Walking into Mananja Secondary School for the first time, anxiety and adrenaline blended within me. I hadn’t prepared a speech or rehearsed insights. Instead, in those spontaneous moments, I sought genuine connections with the students. After brief introductions in the form three class, we got into an interactive session. We inquired about their thoughts on what could help them improve their performance in school. Their suggestions included: provision of revision papers, group discussions, teacher consultations and even the creation of personal timetables. If these needs were so evident, the question arises: what is the problem? It’s not that they didn’t know what to do; the challenge lies in execution and following through.
I decided to share an unfiltered glimpse into my own life, hoping its rawness and relatability would resonate with the young minds. What followed was an exploration of the silent yet potent power of boredom, a force I had recently been grappling with and found both challenging and enlightening. I shared that I was struggling to do productive work because it was so boring; I wanted to gouge my eyes out. The students echoed this sentiment. Activities like Saturday entertainment, movie nights, and games days seemed more appealing to them than academic pursuits. Why? Boredom. The idea of opening a Chemistry revision book appeared dreary. Thus, I posed a challenge to them: embrace boredom, do nothing.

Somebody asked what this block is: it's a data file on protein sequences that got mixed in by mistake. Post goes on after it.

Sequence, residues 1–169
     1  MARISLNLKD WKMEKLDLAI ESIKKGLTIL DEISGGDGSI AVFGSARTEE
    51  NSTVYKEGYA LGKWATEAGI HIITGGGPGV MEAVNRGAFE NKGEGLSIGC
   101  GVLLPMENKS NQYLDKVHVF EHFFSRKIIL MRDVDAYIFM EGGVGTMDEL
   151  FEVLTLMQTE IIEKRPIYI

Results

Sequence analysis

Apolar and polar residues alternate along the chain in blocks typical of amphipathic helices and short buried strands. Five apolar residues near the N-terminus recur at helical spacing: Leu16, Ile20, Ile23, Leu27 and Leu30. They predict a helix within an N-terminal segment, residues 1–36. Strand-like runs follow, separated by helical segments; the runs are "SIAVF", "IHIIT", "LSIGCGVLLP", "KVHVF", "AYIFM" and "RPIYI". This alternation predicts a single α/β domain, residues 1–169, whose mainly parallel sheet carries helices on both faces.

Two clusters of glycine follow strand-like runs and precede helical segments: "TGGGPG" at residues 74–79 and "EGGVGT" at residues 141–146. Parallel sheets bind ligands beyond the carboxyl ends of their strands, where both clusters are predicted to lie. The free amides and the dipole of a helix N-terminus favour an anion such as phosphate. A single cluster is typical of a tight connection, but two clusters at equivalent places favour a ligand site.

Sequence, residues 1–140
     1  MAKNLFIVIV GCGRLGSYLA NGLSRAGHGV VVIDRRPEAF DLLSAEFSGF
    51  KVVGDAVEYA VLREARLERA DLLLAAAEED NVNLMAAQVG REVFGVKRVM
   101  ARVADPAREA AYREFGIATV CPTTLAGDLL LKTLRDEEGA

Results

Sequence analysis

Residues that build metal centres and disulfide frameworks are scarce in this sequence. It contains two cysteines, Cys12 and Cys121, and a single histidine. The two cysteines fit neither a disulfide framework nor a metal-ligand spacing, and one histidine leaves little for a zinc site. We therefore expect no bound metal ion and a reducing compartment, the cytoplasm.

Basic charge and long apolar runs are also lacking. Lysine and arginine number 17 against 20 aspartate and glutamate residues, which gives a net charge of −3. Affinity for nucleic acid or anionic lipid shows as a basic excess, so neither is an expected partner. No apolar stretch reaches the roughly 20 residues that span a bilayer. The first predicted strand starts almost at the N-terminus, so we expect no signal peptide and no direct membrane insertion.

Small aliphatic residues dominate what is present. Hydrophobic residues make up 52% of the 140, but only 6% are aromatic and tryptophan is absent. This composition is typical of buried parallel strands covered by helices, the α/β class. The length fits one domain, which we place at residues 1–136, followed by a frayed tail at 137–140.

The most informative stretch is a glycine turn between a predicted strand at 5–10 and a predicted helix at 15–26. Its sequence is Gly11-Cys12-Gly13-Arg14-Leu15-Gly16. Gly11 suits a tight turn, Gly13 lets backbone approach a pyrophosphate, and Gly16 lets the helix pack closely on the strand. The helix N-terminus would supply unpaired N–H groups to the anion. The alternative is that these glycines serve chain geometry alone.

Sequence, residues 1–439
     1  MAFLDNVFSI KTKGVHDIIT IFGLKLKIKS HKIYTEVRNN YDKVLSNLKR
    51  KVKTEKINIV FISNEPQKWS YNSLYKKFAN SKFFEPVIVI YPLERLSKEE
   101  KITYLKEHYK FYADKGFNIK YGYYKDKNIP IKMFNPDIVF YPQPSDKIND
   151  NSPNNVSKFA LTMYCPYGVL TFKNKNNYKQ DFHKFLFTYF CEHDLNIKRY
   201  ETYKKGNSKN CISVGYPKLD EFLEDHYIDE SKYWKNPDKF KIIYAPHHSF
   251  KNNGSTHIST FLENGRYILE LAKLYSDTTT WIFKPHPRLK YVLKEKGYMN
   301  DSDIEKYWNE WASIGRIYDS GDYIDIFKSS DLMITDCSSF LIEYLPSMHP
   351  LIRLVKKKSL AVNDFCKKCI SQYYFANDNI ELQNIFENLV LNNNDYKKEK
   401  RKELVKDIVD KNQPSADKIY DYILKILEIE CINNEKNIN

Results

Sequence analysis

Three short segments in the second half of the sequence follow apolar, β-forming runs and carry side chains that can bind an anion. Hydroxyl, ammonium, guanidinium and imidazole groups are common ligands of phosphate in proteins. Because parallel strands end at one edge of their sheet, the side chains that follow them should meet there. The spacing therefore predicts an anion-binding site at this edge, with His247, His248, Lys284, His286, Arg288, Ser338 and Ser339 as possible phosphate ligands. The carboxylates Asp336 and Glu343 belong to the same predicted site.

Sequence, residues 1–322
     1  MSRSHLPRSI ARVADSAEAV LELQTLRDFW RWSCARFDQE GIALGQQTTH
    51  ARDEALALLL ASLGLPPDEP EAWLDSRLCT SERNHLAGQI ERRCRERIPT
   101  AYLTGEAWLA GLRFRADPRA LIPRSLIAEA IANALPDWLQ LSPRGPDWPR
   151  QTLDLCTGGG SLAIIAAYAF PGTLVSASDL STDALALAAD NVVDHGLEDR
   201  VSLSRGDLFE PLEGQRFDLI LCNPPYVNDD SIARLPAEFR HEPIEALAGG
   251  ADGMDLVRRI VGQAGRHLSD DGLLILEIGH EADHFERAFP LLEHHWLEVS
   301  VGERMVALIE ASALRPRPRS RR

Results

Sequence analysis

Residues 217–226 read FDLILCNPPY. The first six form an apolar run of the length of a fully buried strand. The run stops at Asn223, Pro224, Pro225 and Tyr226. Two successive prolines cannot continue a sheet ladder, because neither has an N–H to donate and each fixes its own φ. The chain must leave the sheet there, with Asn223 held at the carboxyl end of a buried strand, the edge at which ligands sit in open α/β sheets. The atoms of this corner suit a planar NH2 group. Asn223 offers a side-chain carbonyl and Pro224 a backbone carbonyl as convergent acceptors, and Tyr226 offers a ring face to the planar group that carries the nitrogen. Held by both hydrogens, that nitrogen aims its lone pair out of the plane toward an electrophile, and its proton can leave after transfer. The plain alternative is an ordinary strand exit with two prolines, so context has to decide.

It sounds simple, doesn’t it? Programming your mind to do nothing. The truth is that it’s not easy to do nothing. Studies show that the brain revolts against boredom. That’s why solitary confinement is considered one of the least human forms of torture imaginable. When all distractions are sidelined, leaving only the dull task, your brain seeks interest in it out of sheer disdain for idleness.
As I later learnt, night prep in Mananja is 2 hours and 45 mins. I identified the class’s main noisemaker: We’ll call him Jack. He admitted to wasting an hour on chatty distractions. Instead of urging him to be more diligent, I set a challenge: to place a book on his table and resist his chatty instincts. Whenever tempted to talk, he was to focus on the wall, pushing himself into the realms of boredom, thereby eliminating his primary distraction. His brain would then move to the next best thing. The book on the table. Naturally.
I don’t envision Jack staring at that wall for a straight hour, nor engrossing himself in the book all night. The aim was for him to push himself into the hierarchy of improvement. As humans, we are insufficient. We’re imperfect and flawed, yet that’s beside the point. What truly matters is that we often achieve about 70% of our goals, which is infinitely better than achieving nothing at all. Everything is within grasp if you have enough humility to aim low enough. Success lies in modest aspirations. Over time, these small victories compound, leading to monumental progress.
|By Joleen Wangechi|
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